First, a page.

Why Are My Breasts Sore?enteenshttps://kidshealth.org/EN/images/headers/T-breastSore-enHD-AR1.jpgBreast soreness is common among teens, but it can still seem worrying when it happens to you. Fortunately, breast pain is rarely serious. Find out why your breasts may hurt and what you can do about it.breasts hurt, breasts ache, boobs sore, boobs ache, boobs hurt, pain in boobs, pain in breasts, painful breasts, breast tenderness, painful boobs, brest, brests, breasts growing, breast growth, hormones, cancer, estrogen, progesterone, gynecomastia, menstruation, menstrual cycle, period, premenstrual syndrome, pms, water retention, bloating, cramps, mood swings, breast exams, pelvic exams, going to the gynecologist, stress, boobs, tits03/22/200007/09/201909/02/2019Kate M. Cronan, MD07/01/201994e5a942-ca21-422a-9d19-c054c0225be8https://kidshealth.org/ws/RadyChildrens/en/teens/sore-breasts.html/<h3>Should I Worry?</h3> <p>Like most parts of the body, breasts can be sore from time to time. Not only for girls, but for guys too. You may be worried about your body's development, about what causes breast soreness, and even about cancer.</p> <p>If you're a girl, you may have noticed a slightly sore feeling when you wash your breasts in the shower. Or maybe you felt an ache when you've rolled onto your stomach in bed. Sometimes it may have felt like your breasts gained weight overnight.</p> <p>If you're a guy, you may have noticed some tenderness and even a lump beneath your nipple area.</p> <p>Whether it's a dull ache or a sharp pain, soreness in your breasts might make you worry about breast cancer. But try to stay calm. Breast pain in a teen is rarely cancer. So what can cause pain and what should you do?</p> <h3>Why Do I Have Breasts Anyway?</h3> <p>All mammals have breasts and humans are no exception. Breasts, which are milk-producing glands, begin to enlarge in females around the start of <a href="https://kidshealth.org/ws/RadyChildrens/en/teens/puberty.html/">puberty</a>. Breasts are made of fat and other tissue that surround and protect nerves, blood vessels, and milk ducts (small tube-like paths).</p> <p>The main biological reason that women develop breasts is so they can feed their babies. Some women give their babies formula from bottles, but many women breastfeed their newborns. In fact, doctors recommend breastfeeding, when possible, as the best way to meet a baby's nutritional needs.</p> <p>The timing of breast development varies from girl to girl. Most girls begin getting breasts around 10 or 11. But it's normal for breast development to start anytime between the ages of 8 and 13. In general, it takes 4 to 5 years for a girl's breasts to reach their adult size.</p> <p>When guys start puberty it is common to develop a small amount of breast enlargement too. During puberty, hormones in the body can cause the breasts to grow larger. The difference is that for guys, this condition is called <a href="https://kidshealth.org/ws/RadyChildrens/en/teens/boybrst.html/">gynecomastia</a> and is usually temporary.</p> <h3>What Causes Breast Soreness?</h3> <p>One of the most common times that breasts might feel sore is when they are beginning to develop. First you might notice a small button-like lump beneath the nipple area. The medical name for this is the <strong>breast bud</strong>, and is common in <a href="https://kidshealth.org/ws/RadyChildrens/en/teens/expert-guy-breast.html/">guys</a> <em>and</em> girls. The breast bud may be a little tender. But don't worry — it's a normal part of puberty.</p> <p>It is also common to have <a href="https://kidshealth.org/ws/RadyChildrens/en/teens/breasts-period.html/">sore breasts</a> around the beginning of a girl's period, or menstruation. During her <a href="https://kidshealth.org/ws/RadyChildrens/en/teens/menstruation.html/">menstrual cycle</a>, a girl's body produces lots of the female <a href="https://kidshealth.org/ws/RadyChildrens/en/teens/hormones.html/">hormones</a> estrogen and progesterone .</p> <p>Changes in these hormones can cause feelings that together are called <a href="https://kidshealth.org/ws/RadyChildrens/en/teens/menstrual-problems.html/">premenstrual syndrome, or PMS</a>. Some girls have painful cramps in their stomachs, headaches, mood swings, or cravings for certain foods right before their periods begin. During this time the body may retain water, which can make a girl feel puffy and bloated. Rings and shoes may feel tight.</p> <p>Just as fingers and feet swell, so can breasts. All that fluid forces breast tissue to expand, which stretches the nerves and makes breasts feel achy or tender.</p> <p>Breast swelling and tenderness can also be one of the earliest signs of pregnancy. Be sure to talk to a parent or doctor right away if you might be pregnant.</p> <p>Also, if you ever notice discharge from one or both breasts, call your doctor right away.</p> <h3>What Can I Do to Relieve the Ache?</h3> <p>Most PMS symptoms, including breast soreness, should disappear as your period begins. Over-the-counter pain relievers, such as acetaminophen or ibuprofen, might be helpful. Wearing a supportive bra might help.</p> <p>Healthy eating, regular exercise, and getting enough sleep are really your best bets for easing the ache. You might try cutting down on salty foods and foods that contain <a href="https://kidshealth.org/ws/RadyChildrens/en/teens/caffeine.html/">caffeine</a>, like coffee, tea, and even chocolate. Try caffeine-free soda or herbal tea instead. Some girls find that eating a diet rich in calcium helps with PMS symptoms.</p> <p>If you're tired, take a rest! Snuggle on the couch with your pillow and watch a good movie. Sometimes getting your mind off your aches is the best thing you can do.</p> <h3>What if I'm Still Worried?</h3> <p>Sometimes these tips won't help you feel better. Maybe the pain is a little sharper this time, or maybe it lasted longer than usual, or maybe you just want to get it checked out. You don't need to sit at home and worry — visit your <a href="https://kidshealth.org/ws/RadyChildrens/en/teens/talk-doctor.html/">doctor</a>.</p> <p>Let your doctor know about your concerns. The doctor sees patients all the time for things that may seem silly, but if you're worried, then it's not dumb. Although you may feel a little embarrassed to ask about breast pain or about a lump, there's no need to. A <a href="https://kidshealth.org/ws/RadyChildrens/en/teens/breast-exams.html/">breast exam</a> is a quick and painless procedure. And it can help you find that your aches are completely normal.</p>¿Por qué me duelen los pechos?Sea sordo o agudo, el dolor de pechos puede hacer que te preocupes por tener cáncer de mama. Pero intenta mantener la calma. En los adolescentes, el dolor de pecho muy raramente es un cáncer. Así pues, ¿qué puede provocarte ese dolor y qué deberías hacer? https://kidshealth.org/ws/RadyChildrens/es/teens/sore-breasts-esp.html/295d8a62-1cc5-4176-99e3-6fe10f6b3339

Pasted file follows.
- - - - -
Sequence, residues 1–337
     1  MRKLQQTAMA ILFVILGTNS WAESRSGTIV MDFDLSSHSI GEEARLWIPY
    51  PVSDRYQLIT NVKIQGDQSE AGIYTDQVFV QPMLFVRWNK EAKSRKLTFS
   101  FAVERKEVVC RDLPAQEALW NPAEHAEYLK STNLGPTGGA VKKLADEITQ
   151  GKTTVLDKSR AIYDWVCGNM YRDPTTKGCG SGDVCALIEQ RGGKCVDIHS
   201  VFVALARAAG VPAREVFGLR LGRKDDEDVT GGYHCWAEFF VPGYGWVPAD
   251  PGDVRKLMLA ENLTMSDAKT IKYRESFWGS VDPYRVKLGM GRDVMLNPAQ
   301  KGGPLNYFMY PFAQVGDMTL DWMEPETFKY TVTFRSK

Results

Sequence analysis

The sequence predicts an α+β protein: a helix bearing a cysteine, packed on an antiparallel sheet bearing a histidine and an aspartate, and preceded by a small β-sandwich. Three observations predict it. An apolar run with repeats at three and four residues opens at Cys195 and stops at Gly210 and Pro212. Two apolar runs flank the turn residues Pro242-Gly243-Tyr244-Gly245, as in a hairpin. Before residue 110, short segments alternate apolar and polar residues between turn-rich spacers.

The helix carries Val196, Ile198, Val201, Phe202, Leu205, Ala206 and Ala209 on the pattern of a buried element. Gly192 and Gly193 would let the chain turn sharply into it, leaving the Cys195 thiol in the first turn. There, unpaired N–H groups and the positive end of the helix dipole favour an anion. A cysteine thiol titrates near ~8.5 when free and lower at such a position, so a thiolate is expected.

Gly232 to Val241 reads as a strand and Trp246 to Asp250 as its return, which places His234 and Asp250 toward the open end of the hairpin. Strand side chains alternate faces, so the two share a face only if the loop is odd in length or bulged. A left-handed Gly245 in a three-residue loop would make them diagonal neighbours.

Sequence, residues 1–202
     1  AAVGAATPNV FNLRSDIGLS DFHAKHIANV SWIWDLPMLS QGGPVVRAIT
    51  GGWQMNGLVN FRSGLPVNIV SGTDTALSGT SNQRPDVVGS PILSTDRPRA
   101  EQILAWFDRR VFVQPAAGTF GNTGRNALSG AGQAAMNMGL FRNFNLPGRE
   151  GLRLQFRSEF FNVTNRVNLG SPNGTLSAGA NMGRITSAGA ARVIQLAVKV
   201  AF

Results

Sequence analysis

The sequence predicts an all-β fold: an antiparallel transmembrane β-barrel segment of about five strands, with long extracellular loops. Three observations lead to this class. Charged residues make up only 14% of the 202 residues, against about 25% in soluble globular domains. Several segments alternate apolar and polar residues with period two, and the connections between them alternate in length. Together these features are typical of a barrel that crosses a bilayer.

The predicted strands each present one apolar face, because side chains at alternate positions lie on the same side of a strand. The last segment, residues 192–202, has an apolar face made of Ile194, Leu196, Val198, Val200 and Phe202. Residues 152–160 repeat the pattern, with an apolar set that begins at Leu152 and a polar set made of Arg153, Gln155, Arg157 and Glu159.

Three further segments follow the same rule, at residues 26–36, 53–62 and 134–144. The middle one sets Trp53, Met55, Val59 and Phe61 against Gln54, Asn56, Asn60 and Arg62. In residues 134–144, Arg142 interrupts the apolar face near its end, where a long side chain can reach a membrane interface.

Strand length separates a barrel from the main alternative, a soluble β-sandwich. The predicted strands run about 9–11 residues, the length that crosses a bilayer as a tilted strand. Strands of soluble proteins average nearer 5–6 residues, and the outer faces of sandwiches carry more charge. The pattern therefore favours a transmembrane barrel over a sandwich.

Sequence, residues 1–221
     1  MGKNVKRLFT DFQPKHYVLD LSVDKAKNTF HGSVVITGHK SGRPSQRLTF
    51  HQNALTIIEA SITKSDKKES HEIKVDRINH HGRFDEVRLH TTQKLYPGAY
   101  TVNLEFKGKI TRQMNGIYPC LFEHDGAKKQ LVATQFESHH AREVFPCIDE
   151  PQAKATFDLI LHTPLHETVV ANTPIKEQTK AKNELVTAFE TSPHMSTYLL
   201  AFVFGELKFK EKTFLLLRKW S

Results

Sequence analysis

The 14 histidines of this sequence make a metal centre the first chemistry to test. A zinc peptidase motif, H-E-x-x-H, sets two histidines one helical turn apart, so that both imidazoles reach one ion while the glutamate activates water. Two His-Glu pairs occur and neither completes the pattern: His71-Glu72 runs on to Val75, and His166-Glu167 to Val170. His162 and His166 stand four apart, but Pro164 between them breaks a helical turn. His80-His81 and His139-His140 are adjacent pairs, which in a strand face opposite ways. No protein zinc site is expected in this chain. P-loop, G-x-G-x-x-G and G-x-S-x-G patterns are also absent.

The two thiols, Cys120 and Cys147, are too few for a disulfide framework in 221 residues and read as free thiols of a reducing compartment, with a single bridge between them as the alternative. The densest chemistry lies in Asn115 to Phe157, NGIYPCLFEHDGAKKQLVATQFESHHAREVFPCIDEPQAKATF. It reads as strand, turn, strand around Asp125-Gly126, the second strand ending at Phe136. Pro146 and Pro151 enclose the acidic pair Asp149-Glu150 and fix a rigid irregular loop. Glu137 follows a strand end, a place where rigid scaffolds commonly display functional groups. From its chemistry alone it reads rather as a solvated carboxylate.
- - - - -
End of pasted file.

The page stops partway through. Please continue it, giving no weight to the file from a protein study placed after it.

Gyn CheckupsGirls should get their first gynecological checkup between ages 13 and 15. Find out what happens during a yearly gyn visit -- and why most girls don't get internal exams.https://kidshealth.org/ws/RadyChildrens/en/teens/obgyn.html/55d0d193-7166-402f-b766-14a4d4cfe970
GynecomastiaPuberty can be confusing, especially when unexpected changes happen. Learn what gynecomastia is and why it happens.https://kidshealth.org/ws/RadyChildrens/en/teens/boybrst.html/b56dd165-af5a-481b-8330-160f808f9d7c
My Breasts Ache During My Period. What Can I Do?Find out what the experts have to say.https://kidshealth.org/ws/RadyChildrens/en/teens/breasts-period.html/ec5ebca0-8be3-4b7c-8a11-3a10db1b5f86
When Will I Start Developing?Lots of girls and guys worry about when their bodies will develop. The fact is that physical development starts at different times and moves along at different rates in normal kids.https://kidshealth.org/ws/RadyChildrens/en/teens/start-developing.html/990e1c2c-3628-4039-9cda-1fd83954e20e
Why Are My Breasts Different Sizes?It's quite common for girls to have different-sized breasts, especially as they develop during puberty. If you're worried about how your breasts are developing, check out this article.https://kidshealth.org/ws/RadyChildrens/en/teens/breast-size.html/e6102e35-8107-48cd-bc03-ad7c232ff11b
kh:age-teenThirteenToNineteenkh:clinicalDesignation-adolescentMedicinekh:genre-articlekh:primaryClinicalDesignation-adolescentMedicineFor Girlshttps://kidshealth.org/ws/RadyChildrens/en/teens/sexual-health/girls/2f5cbbfa-7003-4714-8cc6-a064381dfb03